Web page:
23. 23. Lab Dilemmas- Urine collection <ul><li>Don’t use bag urines! </li></ul><ul><ul><li>A negative culture on a bag urine is negative </li></ul></ul><ul><ul><li>A positive means nothing </li></ul></ul><ul><li>Cath or Suprapubic aspirate? </li></ul><ul><ul><li>SPA- any growth is considered a positive </li></ul></ul><ul><ul><li>Cath </li></ul></ul><ul><ul><ul><li>Can have false positives, especially if uncirc’d male </li></ul></ul></ul><ul><ul><ul><li>New debates on what constitutes a positive culture </li></ul></ul></ul><ul><ul><ul><li>Most references use >10K CFU’s as positive, some use as little as 1K (equals one plaque) </li></ul></ul></ul><ul><ul><ul><li>Microbiologists feel we should use 100K on all samples regardless of source </li></ul></ul></ul>
  24. 24. Lab Dilemmas- The Bloody Tap
  25. 25. The Bloody Tap <ul><li>Don’t ask me, you should have gotten it right the first time </li></ul>
  26. 26. The Bloody Tap <ul><li>No right answer </li></ul><ul><li>Results can vary based on the amount of blood in amount of CSF, what is the HCT, what is the peripheral WBC count etc. Some use CBC to CSF ratios. </li></ul><ul><li>Sometimes seems like too many WBC’s or seems OK </li></ul><ul><li>Sometimes just need to re-tap </li></ul>
  27. 27. Treatment <ul><li>Age 0 to ~4-6 weeks </li></ul><ul><ul><li>Ampicillin/Aminoglycoside </li></ul></ul><ul><ul><li>Ampicillin/Cefotaxime </li></ul></ul><ul><li>Amp kills GBS and Listeria </li></ul><ul><li>Gent and Cefotaxime for GNR’s </li></ul><ul><ul><li>Ceftriaxone not used- causes neonatal hepatitis and biliary sludging </li></ul></ul>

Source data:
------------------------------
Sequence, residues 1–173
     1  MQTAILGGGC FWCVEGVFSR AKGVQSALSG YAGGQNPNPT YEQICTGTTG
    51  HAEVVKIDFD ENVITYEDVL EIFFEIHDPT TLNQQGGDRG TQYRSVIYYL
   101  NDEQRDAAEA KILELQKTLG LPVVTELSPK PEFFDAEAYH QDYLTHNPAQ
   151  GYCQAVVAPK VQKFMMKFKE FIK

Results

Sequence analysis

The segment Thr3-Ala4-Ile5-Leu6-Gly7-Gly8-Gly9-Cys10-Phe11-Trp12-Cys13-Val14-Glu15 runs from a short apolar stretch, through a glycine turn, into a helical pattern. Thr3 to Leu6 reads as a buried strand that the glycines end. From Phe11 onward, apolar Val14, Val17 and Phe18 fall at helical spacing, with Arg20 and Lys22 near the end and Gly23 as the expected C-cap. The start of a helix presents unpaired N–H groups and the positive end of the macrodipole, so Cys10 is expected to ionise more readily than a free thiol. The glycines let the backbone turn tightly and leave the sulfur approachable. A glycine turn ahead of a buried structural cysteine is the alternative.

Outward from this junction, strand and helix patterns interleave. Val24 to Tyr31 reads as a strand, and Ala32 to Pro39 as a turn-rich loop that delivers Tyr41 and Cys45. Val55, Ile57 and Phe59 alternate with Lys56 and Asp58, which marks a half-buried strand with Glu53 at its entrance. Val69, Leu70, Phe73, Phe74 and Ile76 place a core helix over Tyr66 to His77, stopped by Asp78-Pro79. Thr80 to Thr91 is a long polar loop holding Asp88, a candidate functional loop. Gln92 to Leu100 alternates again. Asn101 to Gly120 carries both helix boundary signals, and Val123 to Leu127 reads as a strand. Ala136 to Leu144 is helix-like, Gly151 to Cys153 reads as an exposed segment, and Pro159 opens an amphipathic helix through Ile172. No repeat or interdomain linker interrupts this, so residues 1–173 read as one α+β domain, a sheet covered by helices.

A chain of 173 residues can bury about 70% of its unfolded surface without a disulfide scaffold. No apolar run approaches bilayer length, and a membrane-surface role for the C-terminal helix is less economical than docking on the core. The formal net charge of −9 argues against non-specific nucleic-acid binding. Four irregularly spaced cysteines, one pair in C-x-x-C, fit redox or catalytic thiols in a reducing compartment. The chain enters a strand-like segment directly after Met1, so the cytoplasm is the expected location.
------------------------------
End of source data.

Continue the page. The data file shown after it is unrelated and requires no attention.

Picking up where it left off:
28. 28. Aminoglycosides <ul><li>Disadvantages </li></ul><ul><ul><li>Ototoxicity </li></ul></ul><ul><ul><li>Nephrotoxicity </li></ul></ul><ul><ul><li>Need for levels </li></ul></ul><ul><li>Advantages </li></ul><ul><ul><li>Little resistance </li></ul></ul><ul><ul><li>Cheap (30 cents or so a dose) </li></ul></ul><ul><ul><li>Highly concentrated in urine </li></ul></ul><ul><ul><li>No need for levels if QD dosing in a 48 hour admission </li></ul></ul>
  29. 29. Treatment <ul><li>After 4-6 weeks, ampicillin and a 3 rd generation cephalosporin </li></ul><ul><ul><li>Offers better coverage for community acquired organisms </li></ul></ul><ul><ul><li>At 4-8 weeks, switch to cephalosporin alone. </li></ul></ul>
  30. 30. What About Herpes? <ul><li>Some clinicians begin acyclovir on all neonatal admissions for fever </li></ul><ul><li>We use the guideline of “Fever Plus” </li></ul><ul><ul><li>HSV is rare & tends to present in certain ways </li></ul></ul><ul><ul><li>Fever in addition to </li></ul></ul><ul><ul><ul><li>Hepatitis/jaundice </li></ul></ul></ul><ul><ul><ul><li>Meningitis </li></ul></ul></ul><ul><ul><ul><li>Seizures </li></ul></ul></ul><ul><ul><ul><li>Thrombocytopenia </li></ul></ul></ul><ul><ul><ul><li>Vesicles </li></ul></ul></ul><ul><ul><ul><li>Rash/purpera </li></ul></ul></ul>